Australia's large law firms are still committed to providing pro bono legal work, despite significant pressures associated with the economic downturn.
According to the Interim Report on the National Law Firm Pro Bono Survey launched today (25 August) by the National Pro Bono Resource Centre, large firms who are signatories to the National Pro Bono Aspirational Target completed more pro bono work than those who are not signatories, and firms generally increased their number of pro bono hours despite a drop in the number of fee earners.
"Pro bono work is not some passing fad. Australia's large law firms have demonstrated a real commitment to making the legal system accessible for those who cannot afford legal representation and who cannot obtain Legal Aid," said John Corker, Director of the Centre.
"Even while firms have had to tighten their belts, the amount of pro bono work which they are performing has continued to grow."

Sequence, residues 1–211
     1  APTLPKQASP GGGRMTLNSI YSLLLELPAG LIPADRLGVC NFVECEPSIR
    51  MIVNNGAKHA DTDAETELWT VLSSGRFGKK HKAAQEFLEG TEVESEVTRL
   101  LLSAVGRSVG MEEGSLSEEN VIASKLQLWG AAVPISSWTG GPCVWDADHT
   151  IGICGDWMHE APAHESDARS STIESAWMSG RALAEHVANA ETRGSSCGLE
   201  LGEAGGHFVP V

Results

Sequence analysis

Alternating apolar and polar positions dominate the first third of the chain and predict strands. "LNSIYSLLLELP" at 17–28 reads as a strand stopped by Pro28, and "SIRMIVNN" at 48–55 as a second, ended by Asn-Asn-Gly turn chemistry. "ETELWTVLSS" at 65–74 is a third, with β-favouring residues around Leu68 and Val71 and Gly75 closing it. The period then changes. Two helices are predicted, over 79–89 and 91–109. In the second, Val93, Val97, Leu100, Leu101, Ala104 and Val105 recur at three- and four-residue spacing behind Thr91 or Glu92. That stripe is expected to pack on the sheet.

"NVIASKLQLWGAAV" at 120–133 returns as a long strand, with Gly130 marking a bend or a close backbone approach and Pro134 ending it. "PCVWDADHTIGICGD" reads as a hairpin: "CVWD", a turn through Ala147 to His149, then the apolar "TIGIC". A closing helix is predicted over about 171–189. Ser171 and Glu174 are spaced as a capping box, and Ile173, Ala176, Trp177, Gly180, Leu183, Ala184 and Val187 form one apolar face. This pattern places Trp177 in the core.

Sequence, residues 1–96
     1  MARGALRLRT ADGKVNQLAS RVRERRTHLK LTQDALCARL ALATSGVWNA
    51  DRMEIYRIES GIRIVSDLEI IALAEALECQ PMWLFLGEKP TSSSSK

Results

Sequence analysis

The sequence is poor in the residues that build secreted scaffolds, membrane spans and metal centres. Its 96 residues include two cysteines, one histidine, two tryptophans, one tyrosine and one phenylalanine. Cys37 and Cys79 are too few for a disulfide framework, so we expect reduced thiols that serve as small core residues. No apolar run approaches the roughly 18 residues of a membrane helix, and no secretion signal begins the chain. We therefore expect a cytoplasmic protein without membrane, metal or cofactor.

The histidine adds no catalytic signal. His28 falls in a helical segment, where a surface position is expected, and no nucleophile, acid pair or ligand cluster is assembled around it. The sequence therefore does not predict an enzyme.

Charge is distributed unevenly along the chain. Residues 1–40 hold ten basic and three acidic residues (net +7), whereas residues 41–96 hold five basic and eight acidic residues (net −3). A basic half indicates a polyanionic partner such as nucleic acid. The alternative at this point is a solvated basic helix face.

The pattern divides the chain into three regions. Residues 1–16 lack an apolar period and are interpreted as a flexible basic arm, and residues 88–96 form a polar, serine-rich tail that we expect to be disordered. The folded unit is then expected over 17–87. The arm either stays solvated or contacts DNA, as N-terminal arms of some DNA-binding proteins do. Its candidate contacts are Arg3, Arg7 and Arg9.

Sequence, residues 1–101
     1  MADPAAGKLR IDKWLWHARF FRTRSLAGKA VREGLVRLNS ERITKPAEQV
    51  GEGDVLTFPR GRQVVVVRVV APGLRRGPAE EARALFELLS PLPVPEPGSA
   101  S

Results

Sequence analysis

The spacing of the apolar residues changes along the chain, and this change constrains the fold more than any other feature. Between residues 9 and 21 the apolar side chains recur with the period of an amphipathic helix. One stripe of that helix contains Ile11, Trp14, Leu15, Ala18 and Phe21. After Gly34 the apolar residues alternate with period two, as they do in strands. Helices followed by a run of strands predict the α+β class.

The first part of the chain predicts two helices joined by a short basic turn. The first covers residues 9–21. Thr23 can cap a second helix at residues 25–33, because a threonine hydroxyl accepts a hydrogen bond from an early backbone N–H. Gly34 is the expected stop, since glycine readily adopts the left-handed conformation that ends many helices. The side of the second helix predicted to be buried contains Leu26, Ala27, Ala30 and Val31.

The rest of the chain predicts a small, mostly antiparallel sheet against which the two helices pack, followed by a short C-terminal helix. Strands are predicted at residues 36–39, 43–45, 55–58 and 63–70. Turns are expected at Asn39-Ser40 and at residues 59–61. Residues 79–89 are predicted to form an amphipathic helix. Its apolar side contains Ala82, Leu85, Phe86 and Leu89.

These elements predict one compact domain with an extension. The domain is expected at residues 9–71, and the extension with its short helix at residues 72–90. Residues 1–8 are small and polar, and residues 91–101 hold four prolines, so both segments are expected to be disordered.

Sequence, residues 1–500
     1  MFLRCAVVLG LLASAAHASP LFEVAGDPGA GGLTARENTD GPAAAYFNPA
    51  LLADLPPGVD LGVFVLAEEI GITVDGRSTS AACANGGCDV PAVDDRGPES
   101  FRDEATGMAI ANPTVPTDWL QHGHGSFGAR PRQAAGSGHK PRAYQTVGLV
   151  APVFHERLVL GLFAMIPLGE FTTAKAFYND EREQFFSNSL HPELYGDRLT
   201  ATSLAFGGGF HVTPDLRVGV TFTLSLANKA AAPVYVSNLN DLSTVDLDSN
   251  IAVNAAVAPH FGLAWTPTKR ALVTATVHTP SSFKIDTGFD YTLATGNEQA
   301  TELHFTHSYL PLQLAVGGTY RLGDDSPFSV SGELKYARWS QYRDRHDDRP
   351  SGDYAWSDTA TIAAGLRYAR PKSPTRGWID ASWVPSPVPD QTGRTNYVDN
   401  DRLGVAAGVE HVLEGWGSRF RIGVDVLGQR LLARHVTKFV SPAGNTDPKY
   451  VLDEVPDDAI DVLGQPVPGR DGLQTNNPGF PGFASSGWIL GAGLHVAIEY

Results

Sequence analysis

Twenty nine firms with more than 50 lawyers responded to the survey, including all of the large national firms, of which 24 provided data on pro bono hours per lawyer.
The results indicated that, on average, lawyers performed 29 hours of pro bono work during the 2009/10 financial year, though contributions varied greatly between the firms, with some firms averaging less than five hours per lawyer per year and others providing more than 70 hours per lawyer per year.
"That's equivalent to more than 178 lawyers working pro bono full-time for a year", said Corker.
"The firms that continue to make the most significant contributions have dedicated pro bono partners and pro bono coordinators in each office who help to ensure that a pro bono culture is fully integrated into the firm's practice."
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